A few years ago I came across this mock infomercial called “We Got That B-roll.” Anyone who works in video production, or who is familiar with the industry, will find the video humorous. It takes aim at the generic, overused, and sometimes unoriginal b-roll clips that fill up so many documentaries, commercials, and news stories. B-roll is an extremely important part of telling a story on film or video.
- It provides the viewer with context.
- It helps to explain concepts and ideas.
- It offers up visual variety.
- It holds an audience’s interest.
Despite its importance to the production, it’s amazing to me how so many people are willing to rush through the process of capturing b-roll. Shooting b-roll can’t become an afterthought. It needs to be an integral part of the shooting day. Here are a few things that need to happen to ensure that you capture great b-roll for your next project.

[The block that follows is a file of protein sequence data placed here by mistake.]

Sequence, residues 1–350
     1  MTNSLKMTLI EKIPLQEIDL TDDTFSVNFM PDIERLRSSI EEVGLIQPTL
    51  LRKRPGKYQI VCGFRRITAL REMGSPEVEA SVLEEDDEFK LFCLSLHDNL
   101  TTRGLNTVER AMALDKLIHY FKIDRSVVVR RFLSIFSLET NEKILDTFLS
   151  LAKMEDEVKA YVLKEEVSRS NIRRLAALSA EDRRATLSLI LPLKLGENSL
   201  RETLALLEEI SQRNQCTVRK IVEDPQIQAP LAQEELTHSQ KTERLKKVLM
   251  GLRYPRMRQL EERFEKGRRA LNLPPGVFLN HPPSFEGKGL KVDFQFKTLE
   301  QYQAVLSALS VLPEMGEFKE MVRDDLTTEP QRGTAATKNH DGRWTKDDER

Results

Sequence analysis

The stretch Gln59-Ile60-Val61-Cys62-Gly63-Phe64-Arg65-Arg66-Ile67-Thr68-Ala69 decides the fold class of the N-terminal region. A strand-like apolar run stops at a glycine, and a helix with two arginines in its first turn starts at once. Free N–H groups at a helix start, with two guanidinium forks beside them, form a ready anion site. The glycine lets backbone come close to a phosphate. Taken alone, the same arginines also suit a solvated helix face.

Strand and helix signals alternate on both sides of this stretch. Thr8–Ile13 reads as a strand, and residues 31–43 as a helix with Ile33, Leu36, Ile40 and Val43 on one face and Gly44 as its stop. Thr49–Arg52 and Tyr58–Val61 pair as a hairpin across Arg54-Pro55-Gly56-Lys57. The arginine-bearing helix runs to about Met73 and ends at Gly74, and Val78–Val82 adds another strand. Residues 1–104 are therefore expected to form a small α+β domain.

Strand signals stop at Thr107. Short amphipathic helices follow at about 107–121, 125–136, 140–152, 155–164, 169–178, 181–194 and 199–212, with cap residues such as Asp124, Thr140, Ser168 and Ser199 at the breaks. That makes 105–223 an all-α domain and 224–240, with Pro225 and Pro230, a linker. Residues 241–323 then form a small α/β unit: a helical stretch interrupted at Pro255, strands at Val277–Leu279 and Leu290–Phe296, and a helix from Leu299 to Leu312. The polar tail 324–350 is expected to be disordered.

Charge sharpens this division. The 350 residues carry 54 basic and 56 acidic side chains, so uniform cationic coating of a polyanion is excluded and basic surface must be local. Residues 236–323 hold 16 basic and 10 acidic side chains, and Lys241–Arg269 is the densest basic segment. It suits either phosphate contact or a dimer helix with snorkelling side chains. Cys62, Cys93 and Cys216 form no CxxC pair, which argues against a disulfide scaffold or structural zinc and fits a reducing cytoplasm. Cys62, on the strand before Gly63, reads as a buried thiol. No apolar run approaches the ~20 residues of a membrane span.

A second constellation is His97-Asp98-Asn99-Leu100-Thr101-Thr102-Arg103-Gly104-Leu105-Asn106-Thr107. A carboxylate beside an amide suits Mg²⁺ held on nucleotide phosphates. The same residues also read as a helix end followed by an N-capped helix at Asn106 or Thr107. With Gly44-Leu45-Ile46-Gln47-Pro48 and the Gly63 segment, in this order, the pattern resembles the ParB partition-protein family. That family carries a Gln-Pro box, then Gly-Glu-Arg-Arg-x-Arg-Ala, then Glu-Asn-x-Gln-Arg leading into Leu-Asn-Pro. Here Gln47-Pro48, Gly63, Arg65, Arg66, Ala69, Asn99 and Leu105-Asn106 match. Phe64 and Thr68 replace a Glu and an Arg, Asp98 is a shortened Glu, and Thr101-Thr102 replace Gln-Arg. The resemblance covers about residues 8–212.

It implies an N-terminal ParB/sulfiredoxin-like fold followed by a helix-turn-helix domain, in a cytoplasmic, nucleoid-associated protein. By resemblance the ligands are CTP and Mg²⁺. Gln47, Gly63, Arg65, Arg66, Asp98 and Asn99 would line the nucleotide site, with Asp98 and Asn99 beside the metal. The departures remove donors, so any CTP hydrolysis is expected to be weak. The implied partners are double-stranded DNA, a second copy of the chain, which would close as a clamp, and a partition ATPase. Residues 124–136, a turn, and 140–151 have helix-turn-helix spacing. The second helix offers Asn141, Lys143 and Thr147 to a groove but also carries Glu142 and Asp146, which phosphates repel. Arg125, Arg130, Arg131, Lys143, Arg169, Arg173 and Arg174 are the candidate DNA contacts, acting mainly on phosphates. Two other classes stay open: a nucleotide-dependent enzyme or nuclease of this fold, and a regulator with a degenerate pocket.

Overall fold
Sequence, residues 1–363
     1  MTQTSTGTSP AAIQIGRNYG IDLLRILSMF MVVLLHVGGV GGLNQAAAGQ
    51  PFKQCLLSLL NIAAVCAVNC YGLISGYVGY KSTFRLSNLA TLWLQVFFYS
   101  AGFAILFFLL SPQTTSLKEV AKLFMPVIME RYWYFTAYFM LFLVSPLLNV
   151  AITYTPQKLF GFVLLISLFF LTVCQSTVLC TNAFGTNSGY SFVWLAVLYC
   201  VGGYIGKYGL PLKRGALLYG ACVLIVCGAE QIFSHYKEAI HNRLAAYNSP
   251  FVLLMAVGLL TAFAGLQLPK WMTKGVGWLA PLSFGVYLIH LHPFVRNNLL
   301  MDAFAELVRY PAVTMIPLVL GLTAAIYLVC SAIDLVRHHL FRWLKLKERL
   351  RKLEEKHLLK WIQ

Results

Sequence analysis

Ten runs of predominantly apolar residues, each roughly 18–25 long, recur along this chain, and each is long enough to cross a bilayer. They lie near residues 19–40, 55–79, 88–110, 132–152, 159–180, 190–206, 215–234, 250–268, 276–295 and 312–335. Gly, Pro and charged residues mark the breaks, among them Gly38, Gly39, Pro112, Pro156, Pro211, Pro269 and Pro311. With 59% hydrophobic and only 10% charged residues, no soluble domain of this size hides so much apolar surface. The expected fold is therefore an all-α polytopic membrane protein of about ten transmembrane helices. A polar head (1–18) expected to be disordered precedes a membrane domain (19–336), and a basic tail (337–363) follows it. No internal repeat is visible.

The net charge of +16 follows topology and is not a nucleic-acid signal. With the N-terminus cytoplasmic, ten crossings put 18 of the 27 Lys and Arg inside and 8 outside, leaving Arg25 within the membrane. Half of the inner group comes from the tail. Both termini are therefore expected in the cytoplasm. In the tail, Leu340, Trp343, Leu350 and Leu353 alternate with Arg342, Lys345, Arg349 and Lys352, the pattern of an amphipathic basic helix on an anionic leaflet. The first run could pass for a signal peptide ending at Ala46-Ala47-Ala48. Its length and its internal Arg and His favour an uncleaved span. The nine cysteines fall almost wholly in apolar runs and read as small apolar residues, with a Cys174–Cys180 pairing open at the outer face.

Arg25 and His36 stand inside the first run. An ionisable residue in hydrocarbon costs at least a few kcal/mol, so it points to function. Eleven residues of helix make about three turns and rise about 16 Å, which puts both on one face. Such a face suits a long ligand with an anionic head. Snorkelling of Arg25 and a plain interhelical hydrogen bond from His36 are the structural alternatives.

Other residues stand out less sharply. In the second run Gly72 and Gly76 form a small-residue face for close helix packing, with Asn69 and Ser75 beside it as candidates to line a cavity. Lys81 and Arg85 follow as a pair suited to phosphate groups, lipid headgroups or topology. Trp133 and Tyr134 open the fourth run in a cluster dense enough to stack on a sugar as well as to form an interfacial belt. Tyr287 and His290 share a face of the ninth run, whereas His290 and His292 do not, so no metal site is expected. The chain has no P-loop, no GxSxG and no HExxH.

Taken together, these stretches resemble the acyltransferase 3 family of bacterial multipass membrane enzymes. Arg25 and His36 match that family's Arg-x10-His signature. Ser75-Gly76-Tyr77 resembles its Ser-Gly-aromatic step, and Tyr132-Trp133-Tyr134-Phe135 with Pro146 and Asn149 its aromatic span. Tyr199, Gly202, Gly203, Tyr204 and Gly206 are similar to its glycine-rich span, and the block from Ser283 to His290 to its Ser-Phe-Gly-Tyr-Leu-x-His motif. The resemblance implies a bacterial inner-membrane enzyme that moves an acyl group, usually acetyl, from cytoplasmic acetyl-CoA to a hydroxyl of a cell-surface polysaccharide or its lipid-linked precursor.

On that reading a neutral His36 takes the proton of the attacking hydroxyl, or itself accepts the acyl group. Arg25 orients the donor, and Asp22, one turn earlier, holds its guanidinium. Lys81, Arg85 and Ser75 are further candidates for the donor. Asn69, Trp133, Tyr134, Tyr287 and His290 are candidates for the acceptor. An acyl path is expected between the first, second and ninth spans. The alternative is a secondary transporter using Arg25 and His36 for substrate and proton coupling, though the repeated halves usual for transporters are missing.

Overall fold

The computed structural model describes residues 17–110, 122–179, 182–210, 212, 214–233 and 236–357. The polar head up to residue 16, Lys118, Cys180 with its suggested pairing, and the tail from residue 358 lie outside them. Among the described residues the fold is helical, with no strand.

- Work it into the schedule. Give yourself and your production crew enough time in the day to set up, light, and shoot b-roll. The last thing you want is to rush around during the last hour of the day, trying to cross all the items off of your shot list. And that leads me into my next point…
- Create a shot list for your b-roll. Don’t wait until you get to the location to try and figure out exactly what you want to shoot for your b-roll. You will end up with a lot of footage that just won’t fit into your story. And that leads me into my final point…
- Make your b-roll relevant. Don’t just shoot the building because you think the architecture looks cool. B-roll should compliment and enhance the subject of your story. It should relate to what’s being said, either by those on camera, or the narrator.
B-roll can become a very stale and unoriginal aspect to a video, if not thought out properly. Or, it can be a visually striking element to the production and round out the story like nothing else. Its success or failure depends on how much attention to detail you give to the process during pre-production and production.